February 21, 2006
Older people who care for a loved one with Alzheimer's disease or other serious illnesses are more likely to die prematurely, a nine-year study in a large number of seniors shows. The findings have important implications for the estimated five million Americans who currently care for someone with Alzheimer's disease. Many more people are expected to assume caregiving roles in the coming years as the population continues to age and more seniors become afflicted with Alzheimer's disease and other grave ailments.
Studying 518,240 older couples (ages 65 to 98) enrolled in Medicare, researchers at Harvard University found that spouses whose loved one entered the hospital as a result of particular ailments, including dementia, were 20 percent more likely to die within 30 days than those whose husbands and wives were in good health. The increased risk of death persisted, even two years later. "You can die of a broken heart, not just when your partner dies, but also when your partner falls ill," says Nicholas Christakis, co-author of the study, which was published in the New England Journal of Medicine. "People are interconnected and their health is, too."
Only certain medical problems that affect the body or mind, including Alzheimer's and other forms of dementia, strokes, or hip fractures, increased mortality risk. For example, the hospitalization of a wife for a hip fracture increases her husband's chances of death by 15 percent, and by 22 percent if she has dementia. For other diseases, such as leukemia, lung, or colon cancer, there was no increased risk of death for the non-ailing spouse.
The authors attribute the increase in risk to a range of factors, including increased stress and the loss of social, emotional, and financial support when a loved one falls ill or dies. Some caregivers may turn to alcohol when their partners fall ill, they note. Others may suffer because of problems like poor hearing or eyesight or fading memory.
The findings are consistent with earlier research showing that Alzheimer's caregiving, a job that can easily consume 100 hours a week or more, may be hazardous to your health. Not only is caring for a spouse or family member with Alzheimer's incredibly stressful, leading to emotional distress and depression. It can also impair physical well-being. Men and women who care for a family member or spouse with dementia, for example, are more susceptible to gum disease and infections, and also have higher levels of stress hormones and poorer general health.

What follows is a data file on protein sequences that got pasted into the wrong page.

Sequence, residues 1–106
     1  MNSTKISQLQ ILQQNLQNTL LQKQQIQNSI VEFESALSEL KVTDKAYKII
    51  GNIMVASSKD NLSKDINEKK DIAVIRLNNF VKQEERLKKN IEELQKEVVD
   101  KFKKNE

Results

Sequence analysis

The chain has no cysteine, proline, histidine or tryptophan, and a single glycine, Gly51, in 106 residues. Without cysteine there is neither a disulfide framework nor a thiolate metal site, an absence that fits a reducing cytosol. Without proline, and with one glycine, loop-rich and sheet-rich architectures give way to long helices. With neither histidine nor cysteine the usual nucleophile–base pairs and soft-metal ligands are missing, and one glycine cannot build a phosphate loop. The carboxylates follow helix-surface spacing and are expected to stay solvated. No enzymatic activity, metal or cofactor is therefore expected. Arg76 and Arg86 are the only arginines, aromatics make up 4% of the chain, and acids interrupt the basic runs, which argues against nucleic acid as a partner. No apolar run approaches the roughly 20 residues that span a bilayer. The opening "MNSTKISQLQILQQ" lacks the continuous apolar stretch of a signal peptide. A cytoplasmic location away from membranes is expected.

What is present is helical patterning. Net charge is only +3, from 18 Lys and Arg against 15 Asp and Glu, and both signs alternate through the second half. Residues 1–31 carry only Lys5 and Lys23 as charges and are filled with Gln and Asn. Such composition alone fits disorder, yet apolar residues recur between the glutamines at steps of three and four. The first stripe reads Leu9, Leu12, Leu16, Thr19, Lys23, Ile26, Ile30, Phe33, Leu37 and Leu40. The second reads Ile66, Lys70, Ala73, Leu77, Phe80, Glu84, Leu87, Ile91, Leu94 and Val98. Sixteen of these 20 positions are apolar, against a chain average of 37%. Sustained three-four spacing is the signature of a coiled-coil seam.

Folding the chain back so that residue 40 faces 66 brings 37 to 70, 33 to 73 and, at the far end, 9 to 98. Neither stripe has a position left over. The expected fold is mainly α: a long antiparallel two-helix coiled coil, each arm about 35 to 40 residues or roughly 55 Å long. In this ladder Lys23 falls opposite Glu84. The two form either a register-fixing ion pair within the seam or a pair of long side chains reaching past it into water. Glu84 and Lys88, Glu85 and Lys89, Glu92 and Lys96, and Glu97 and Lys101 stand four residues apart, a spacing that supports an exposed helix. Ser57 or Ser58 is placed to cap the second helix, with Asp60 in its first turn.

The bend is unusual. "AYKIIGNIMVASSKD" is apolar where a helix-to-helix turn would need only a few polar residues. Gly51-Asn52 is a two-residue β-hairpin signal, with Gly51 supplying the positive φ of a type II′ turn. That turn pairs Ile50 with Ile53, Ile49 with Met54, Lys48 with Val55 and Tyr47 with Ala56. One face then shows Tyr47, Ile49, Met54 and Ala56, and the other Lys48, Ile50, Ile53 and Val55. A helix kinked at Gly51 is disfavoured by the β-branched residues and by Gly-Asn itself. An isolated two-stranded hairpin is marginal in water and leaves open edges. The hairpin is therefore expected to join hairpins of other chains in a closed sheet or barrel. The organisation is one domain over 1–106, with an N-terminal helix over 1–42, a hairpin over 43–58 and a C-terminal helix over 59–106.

Experts urge that caregivers take measures to help minimize the physical and emotional stresses of caring for a loved with Alzheimer's. Researchers at New York University School of Medicine have shown that a targeted program of counseling and support services can do much to allay feelings of depression, isolation, and stress, offering benefits that may last for years. Counseling is not only effective in alleviating caregiver emotional distress, it can also significantly extend the time that caregivers can keep loved ones with Alzheimer's at home, rather than feeling compelled to place them in a nursing home or hospital. [See the article, "Social Support and Counseling Help Ease the Burden of Caregiving".]
"The training and assistance of spouses who serve as caregivers can lower costs and also improve the health of patients and partners alike," the authors of the current study write. "Our work suggests that such interventions might even decrease mortality among partners. Our work also suggests that such interventions are especially likely to be useful in certain diseases, such as stroke and dementia."
www.Alzinfo.org, offers a wealth of expert advice on caring for a loved one with Alzheimer's.
Nicholas A. Christakis, M.D., Ph.D., M.P.H., and Paul D. Allison: "Mortality after the Hospitalization of a Spouse." The New England Journal of Medicine, Volume 354, Number 7, February 16, 2006, pages 719-730.